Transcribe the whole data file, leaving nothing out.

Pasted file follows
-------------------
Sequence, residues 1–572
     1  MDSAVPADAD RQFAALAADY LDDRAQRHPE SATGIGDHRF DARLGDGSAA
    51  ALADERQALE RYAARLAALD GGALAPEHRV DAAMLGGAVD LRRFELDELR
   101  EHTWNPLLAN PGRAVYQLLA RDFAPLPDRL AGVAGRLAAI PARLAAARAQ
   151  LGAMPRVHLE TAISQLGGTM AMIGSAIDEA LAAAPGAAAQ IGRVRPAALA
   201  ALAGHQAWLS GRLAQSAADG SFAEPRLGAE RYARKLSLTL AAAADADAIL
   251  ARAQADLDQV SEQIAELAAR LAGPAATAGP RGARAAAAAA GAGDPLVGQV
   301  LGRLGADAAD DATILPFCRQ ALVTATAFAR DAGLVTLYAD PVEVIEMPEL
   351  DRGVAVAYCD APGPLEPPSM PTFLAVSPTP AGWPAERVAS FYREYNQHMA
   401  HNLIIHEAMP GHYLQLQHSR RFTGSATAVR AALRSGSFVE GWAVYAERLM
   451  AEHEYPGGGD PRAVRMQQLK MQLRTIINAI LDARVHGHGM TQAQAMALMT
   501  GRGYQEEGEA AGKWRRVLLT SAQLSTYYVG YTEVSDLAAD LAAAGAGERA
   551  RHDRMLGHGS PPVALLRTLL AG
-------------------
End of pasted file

Sequence, residues 1–572
     1  MDSAVPADAD RQFAALAADY LDDRAQRHPE SATGIGDHRF DARLGDGSAA
    51  ALADERQALE RYAARLAALD GGALAPEHRV DAAMLGGAVD LRRFELDELR
   101  EHTWNPLLAN PGRAVYQLLA RDFAPLPDRL AGVAGRLAAI PARLAAARAQ
   151  LGAMPRVHLE TAISQLGGTM AMIGSAIDEA LAAAPGAAAQ IGRVRPAALA
   201  ALAGHQAWLS GRLAQSAADG SFAEPRLGAE RYARKLSLTL AAAADADAIL
   251  ARAQADLDQV SEQIAELAAR LAGPAATAGP RGARAAAAAA GAGDPLVGQV
   301  LGRLGADAAD DATILPFCRQ ALVTATAFAR DAGLVTLYAD PVEVIEMPEL
   351  DRGVAVAYCD APGPLEPPSM PTFLAVSPTP AGWPAERVAS FYREYNQHMA
   401  HNLIIHEAMP GHYLQLQHSR RFTGSATAVR AALRSGSFVE GWAVYAERLM
   451  AEHEYPGGGD PRAVRMQQLK MQLRTIINAI LDARVHGHGM TQAQAMALMT
   501  GRGYQEEGEA AGKWRRVLLT SAQLSTYYVG YTEVSDLAAD LAAAGAGERA
   551  RHDRMLGHGS PPVALLRTLL AG